Thursday 5 May 2016
This was rather a new experience for Linda and me. We have, of course, been to tourist hotspots before, but here we had a really artificial experience. We started with the not-English-Heritage blue plaque, and then moved on to the not-Policeman who guards the door: yes, we were in the realms of fiction, and the home of the 'man who never lived and will never die', as the Museum of London named him.
Linda had been a bit tentative, claiming not to have read the stories since she was 11, but we paid our (quite serious) entrance fee and went in. The first pleasure was the loo in the lower ground floor, a period piece with instructions about how to deal with an overhead cistern, wooden seat and a charming towel rail.
You go next door to enter the house itself, and then go into Holmes' bedroom. We thought the contraption by the fire might be for airing his shirts. Most of the walls here, as throughout the house are hung with period prints and etchings of a Victorian kind: narratives, domestic scenes and sweet children. I suppose Mrs Hudson would have felt them appropriate for whatever lodgers she had.The study/sitting room next door displayed the pipes, the chemical apparatus and several reference books of the kind that Holmes referred to when researching his cases.
We also liked the post and newspapers rack on the wall.
We went upstairs, to find Billy, the messenger boy, waiting to be sent on an errand, and Dr Watson's room. Here was displayed his stethoscope. As Linda said, he did not appear to do much work in his general practice, since he always had time to rush off when Holmes needed his help.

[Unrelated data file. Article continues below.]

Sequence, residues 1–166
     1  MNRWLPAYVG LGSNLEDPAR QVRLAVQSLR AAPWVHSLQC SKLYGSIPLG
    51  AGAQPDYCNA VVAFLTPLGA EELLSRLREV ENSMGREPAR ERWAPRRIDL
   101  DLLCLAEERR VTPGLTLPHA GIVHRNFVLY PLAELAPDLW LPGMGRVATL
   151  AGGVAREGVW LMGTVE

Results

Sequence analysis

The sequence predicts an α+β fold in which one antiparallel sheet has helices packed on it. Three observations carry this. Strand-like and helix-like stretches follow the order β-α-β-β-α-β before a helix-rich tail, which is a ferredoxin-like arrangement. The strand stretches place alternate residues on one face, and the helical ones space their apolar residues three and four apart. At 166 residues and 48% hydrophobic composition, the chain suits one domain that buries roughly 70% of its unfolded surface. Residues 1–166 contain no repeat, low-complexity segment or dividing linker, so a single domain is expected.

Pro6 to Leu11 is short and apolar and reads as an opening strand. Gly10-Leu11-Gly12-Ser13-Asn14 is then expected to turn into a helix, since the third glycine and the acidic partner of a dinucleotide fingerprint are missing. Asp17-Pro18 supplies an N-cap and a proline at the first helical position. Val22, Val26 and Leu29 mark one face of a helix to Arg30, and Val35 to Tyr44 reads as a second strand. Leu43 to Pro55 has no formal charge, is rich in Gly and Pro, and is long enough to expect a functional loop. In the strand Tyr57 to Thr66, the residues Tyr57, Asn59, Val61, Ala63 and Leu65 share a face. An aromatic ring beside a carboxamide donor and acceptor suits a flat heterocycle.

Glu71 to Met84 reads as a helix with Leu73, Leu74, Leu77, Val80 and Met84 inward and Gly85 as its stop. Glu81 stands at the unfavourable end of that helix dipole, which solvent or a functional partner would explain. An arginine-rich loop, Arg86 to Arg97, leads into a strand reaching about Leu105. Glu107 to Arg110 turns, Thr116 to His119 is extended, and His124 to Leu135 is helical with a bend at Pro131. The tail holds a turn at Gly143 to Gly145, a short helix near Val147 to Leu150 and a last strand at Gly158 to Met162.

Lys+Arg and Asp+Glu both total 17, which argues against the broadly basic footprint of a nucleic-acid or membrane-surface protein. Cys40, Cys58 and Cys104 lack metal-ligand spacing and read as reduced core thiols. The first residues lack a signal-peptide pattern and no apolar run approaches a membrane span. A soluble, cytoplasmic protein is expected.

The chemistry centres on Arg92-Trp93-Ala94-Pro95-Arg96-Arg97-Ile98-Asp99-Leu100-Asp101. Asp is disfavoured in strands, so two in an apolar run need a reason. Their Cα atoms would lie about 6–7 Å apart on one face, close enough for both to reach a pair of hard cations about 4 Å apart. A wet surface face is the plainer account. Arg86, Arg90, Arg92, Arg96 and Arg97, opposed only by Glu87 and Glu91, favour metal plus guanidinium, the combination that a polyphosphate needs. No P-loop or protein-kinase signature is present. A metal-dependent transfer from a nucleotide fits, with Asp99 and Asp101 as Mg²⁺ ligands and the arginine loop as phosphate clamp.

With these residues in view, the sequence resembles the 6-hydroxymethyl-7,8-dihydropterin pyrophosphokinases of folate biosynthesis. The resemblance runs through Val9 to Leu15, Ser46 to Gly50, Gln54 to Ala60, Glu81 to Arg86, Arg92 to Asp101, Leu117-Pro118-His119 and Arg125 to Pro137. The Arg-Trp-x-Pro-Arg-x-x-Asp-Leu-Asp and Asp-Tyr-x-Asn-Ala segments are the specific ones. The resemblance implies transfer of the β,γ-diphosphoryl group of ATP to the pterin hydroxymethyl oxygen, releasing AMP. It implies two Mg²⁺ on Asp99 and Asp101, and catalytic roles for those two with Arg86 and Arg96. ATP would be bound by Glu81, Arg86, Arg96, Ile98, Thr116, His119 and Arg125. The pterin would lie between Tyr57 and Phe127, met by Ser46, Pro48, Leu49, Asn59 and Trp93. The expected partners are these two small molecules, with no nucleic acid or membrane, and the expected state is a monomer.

All the rooms had display cases with artefacts and souvenirs from the various cases: the mummified 'savage' of Wisteria Lodge, the Cardboard Box in which Miss Susan Cushing found two severed human ears; a map of Dartmoor. I could put links to versions of each of the stories, but I shan't. You can find the stories if you want to, but it seems to me that this is strictly a museum for disciples. I was, however, impressed with how many of the stories Linda still remembered.
The actual wicker chair which the artist used for the Strand Magazine's illustration of The Greek Interpreter was also here, as was a plaster cast from The Six Napoleons. The poisonous blowpipe from The Sign of Four was on display and we had to keep reminding ourselves that these things are 'not real'....
Upstairs again, we came to a room with tableaux from some of the cases. Here was Lady Frances Carfax in her coffin; the noblewoman shooting the blackmailer Charles Augustus Milverton, and a couple of others. We were of course, but a step from Madame Tussauds, so I suppose a few models were not out of place.
Perhaps the oddest thing up here was a folder of recent letters to the great man, many of them from China and Japan. The school teacher in me was amused by a disaffected student from Dallas, Texas, who had been set to write a letter as an assignment ('it's an extra credit' she confides to 'Dear Mr dead Sherlock Holmes' going on to suggest that her teacher has 'lost it')
Also stored under the roof were the valises into which Holmes might fling a few essentials before heading off to serve the various crowned heads of Europe, some of whom presented him with medals which were on display.
So that only left the shop, housed in rather a fine conservatory, but containing nothing that we were drawn to. We were surprised that they were not selling more of the books, for example. Perhaps when the grandsons have been inducted into what really felt a bit like a cult, we might return and shop.
But we had enjoyed ourselves and thought the costumed room attendants managed traffic flow very well. And now it's off to get the complete works down off the shelf for a reread....